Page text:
High School Science – Living Books

High School Science Using Living Books @handbookofnaturestudy

 

Homeschooling for high school using the Charlotte Mason method is a dynamic and living way to teach children. It gives your family room to personalize their learning.

 

Living ideas are derived only from living minds.

Homeschooling using the Charlotte Mason style is marked by a use of good living books. Living books are books that are written by someone who has a passion or interest in the subject, usually in a conversational or narrative style.

When I homeschooled my teenage sons, I tried to include living books in every science course. These kinds of books drew interest and excitement to the topics we learned about in our science curriculum.

A good living book is worth its weight in gold and can give even the most reluctant student a reason for digging deeper into various aspects of science.

Inspiration versus Information
My aim in homeschooling my children was to inspire a love of learning and not just to feed them dry facts. Living books inspire thinking and don’t just provide information. Think back to when you were in school and you had a true learning experience, one that impressed you and has stuck with you all these years later. In my experience, those times were inspired either by passionate people fired up about a topic, a book that was written to give you a window into another time or person’s life, or when you made a connection from the written page and related to your real life in some way.

It takes less energy to learn something from a living book than it does from a text. Learning takes place without all the effort to memorize and drill the facts. Learning takes place because it is meaningful and you own it right from the first reading.

 ”A book may be long or short, old or new, easy or hard, written by a great man or a lesser man and yet be the living book which finds its way to the mind of a young reader.”

Charlotte Mason Homeschooling Series, Volume 3

Living Books in High School

How to Use Living Books in Your Science Courses

Most of us feel more comfortable using a text as the foundation of our high school science courses. This doesn’t mean that we need to limit our assignments to the text. Why not add in a few living books to supplement your learning? I found that when I left one day open during the school week for a living book reading and follow-up narration, we enjoyed our studies so much more. It balanced out the textbook learning and made it more meaningful.

Tips for Offering Living Books in High School Science

1. Assign a living book each week. I broke longer books down by chapters or pages and assigned a short reading each week.

2. Allow for some kind of narration – oral, written (summary on a notebook page works well), project, or additional research.

3. Look for ways to connect the text to your living books selections by pulling in biographies of scientists or explorers.

4. Create interest in a topic by drawing connects between the text and your nature study.

5. When on field trips, look in the bookstore at the museum, science center, nature center, planetarium, or state/national park for living books you can include in your science courses.

Goals for real learning in science box

 

Living Books for High School Biology

“They learn what to observe, and make discoveries for themselves, original so far as they are concerned. They are put in the right attitude of mind for scientific observations and deductions, and their keen interest is awakened.”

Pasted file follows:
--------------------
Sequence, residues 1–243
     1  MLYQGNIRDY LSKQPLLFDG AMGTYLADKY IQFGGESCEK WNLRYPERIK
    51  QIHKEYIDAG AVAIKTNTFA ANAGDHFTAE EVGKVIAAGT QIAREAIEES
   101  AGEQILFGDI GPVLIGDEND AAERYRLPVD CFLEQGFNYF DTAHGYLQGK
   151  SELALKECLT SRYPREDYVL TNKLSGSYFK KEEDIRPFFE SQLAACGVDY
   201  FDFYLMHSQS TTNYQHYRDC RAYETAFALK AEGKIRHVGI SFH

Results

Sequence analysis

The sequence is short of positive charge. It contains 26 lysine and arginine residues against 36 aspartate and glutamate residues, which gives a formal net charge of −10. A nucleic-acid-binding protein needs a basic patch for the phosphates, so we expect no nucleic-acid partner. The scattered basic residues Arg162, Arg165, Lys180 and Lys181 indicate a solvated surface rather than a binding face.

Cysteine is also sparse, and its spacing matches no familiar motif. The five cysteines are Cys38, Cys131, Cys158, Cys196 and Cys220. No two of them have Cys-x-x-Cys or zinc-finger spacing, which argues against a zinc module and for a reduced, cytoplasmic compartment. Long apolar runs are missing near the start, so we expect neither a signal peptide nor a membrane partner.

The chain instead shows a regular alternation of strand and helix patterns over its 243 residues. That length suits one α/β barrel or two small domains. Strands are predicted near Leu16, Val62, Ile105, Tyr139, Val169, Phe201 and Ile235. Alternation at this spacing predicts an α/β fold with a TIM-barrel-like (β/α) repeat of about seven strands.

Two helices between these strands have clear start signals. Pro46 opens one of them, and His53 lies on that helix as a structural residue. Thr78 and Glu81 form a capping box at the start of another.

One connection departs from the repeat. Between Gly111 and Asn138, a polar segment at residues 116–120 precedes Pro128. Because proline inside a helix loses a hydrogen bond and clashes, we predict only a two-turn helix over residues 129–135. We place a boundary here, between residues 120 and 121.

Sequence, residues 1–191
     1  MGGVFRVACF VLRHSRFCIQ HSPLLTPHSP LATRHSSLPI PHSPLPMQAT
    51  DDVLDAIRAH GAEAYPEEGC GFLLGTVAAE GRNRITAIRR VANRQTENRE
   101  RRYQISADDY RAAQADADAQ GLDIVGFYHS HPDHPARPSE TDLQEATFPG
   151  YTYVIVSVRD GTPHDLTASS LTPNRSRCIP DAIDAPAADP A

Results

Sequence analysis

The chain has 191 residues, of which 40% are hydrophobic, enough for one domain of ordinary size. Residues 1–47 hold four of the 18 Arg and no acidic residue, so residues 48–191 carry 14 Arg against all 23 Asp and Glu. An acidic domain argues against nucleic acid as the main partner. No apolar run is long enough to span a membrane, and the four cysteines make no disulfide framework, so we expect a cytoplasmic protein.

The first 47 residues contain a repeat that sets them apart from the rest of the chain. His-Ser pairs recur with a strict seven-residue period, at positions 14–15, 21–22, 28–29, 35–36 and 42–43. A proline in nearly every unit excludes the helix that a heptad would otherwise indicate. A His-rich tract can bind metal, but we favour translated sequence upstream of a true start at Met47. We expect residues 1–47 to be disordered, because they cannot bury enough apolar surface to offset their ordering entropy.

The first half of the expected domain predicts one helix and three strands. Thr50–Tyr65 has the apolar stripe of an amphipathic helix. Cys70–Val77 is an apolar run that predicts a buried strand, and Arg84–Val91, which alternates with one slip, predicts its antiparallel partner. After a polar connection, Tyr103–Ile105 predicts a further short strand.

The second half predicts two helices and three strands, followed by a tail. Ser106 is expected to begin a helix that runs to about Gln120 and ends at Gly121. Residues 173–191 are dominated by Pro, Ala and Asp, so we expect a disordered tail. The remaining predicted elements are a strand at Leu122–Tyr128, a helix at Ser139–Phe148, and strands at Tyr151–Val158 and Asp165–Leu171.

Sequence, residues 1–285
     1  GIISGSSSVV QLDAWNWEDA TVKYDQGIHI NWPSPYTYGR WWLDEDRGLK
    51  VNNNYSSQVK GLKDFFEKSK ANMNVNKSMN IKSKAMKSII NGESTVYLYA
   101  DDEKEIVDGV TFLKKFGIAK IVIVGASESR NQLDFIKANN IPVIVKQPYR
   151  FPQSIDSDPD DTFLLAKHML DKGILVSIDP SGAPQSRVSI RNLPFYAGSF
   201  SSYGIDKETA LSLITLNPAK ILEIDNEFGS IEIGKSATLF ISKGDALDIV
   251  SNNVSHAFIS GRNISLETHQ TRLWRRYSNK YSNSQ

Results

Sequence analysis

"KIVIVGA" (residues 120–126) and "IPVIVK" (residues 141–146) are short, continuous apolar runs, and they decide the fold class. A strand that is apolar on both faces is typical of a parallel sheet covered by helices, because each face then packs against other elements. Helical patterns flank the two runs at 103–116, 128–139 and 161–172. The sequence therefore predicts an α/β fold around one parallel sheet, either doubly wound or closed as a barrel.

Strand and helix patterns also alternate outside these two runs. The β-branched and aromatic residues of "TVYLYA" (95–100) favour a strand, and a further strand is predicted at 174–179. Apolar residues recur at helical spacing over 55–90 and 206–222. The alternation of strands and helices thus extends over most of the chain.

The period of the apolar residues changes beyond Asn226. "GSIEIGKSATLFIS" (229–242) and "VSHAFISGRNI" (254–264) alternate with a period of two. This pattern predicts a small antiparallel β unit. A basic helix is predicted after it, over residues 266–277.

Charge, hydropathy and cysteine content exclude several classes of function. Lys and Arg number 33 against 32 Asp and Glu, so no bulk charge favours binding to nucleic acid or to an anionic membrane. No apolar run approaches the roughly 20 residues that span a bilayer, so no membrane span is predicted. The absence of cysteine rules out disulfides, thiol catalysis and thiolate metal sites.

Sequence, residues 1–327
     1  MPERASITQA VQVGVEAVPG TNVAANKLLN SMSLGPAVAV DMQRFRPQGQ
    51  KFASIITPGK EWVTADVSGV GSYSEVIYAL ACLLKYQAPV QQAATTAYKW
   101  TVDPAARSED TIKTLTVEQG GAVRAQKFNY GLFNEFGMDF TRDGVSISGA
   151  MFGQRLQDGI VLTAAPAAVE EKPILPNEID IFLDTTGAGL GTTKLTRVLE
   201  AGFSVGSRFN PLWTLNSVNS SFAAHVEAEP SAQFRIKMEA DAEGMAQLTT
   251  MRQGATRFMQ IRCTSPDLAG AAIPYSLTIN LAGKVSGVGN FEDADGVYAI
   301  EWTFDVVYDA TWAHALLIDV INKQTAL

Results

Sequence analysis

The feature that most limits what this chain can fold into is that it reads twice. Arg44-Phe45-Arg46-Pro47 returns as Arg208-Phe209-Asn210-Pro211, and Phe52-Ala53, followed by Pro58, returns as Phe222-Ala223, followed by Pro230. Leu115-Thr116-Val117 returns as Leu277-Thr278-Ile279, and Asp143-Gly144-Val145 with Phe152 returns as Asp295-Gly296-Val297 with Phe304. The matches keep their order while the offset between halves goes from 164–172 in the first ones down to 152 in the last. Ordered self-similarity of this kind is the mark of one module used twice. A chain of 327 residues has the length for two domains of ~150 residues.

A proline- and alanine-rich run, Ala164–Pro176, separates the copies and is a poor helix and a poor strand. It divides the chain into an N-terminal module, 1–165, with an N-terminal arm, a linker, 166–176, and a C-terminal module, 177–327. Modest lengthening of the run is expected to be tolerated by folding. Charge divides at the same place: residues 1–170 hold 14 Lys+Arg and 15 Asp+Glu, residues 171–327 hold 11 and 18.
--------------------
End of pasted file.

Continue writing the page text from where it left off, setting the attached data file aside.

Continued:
Charlotte Mason Homeschooling Series, Volume 3

 

Nature Study and High School BiologyOur main text was Apologia’s Exploring Creation with Biology.

Text = Apologia Biology: If you’re using this text, I have written a blog entry sharing how we incorporated nature study into each of the modules in the book. It has detailed suggestions of topics, additional books, and nature study ideas for you to use as inspiration.

High School Science (biology) and Charlotte Mason

Please note that this entry includes Amazon affiliate links to books we have owned, used, and loved!

Handbook of Nature Study

This is the foundation of all of our informal biology study from elementary age to high school age. I have written dozens of nature study lessons based on this book.

I have written lots of advanced nature study ideas and included them in my Outdoor Hour Challenge ebooks. My high school aged sons used these as a weekly supplement to their biology study.

Here are particular ebooks that you may find helpful in planning a high school level nature study course. You can click this link to find all of these ebooks: Handbook of Nature Study.

  • Autumn, Winter, Spring, Summer Nature Study Continues Series – includes advanced nature study ideas and advanced notebooking pages for follow-up learning and narration.
  • More Autumn, Winter, Spring, Summer Nature Study Series – includes advanced nature study ideas and advanced notebooking pages for follow-up learning and narration.

All of these ebooks are available in my Ultimate Naturalist Library membership. This membership includes all 21 of my nature study ebooks, 76 archived nature study newsletters, and a growing library of additional printable notebook pages and activities.

Ultimate Naturalist Library September 2017 @handbookofnaturestudy

Handbook of Nature Study Subscribe Now 2

Printables for Members Button

Here are the additional “living books” we added in to fit the interests and learning styles of our children.

Origin of Species: 150th Anniversary Edition: This is a must read for all biology students in my opinion…no matter what your personal beliefs are.

Darwin’s Black Box: The Biochemical Challenge to Evolution: The flipside of the Origin of Species.

Microbe Hunters: Short accounts from a range of scientists.

Carl Linnaeus: Father of Classification (Great Minds of Science: We used simple straight forward biographies as jumping off spots for more research.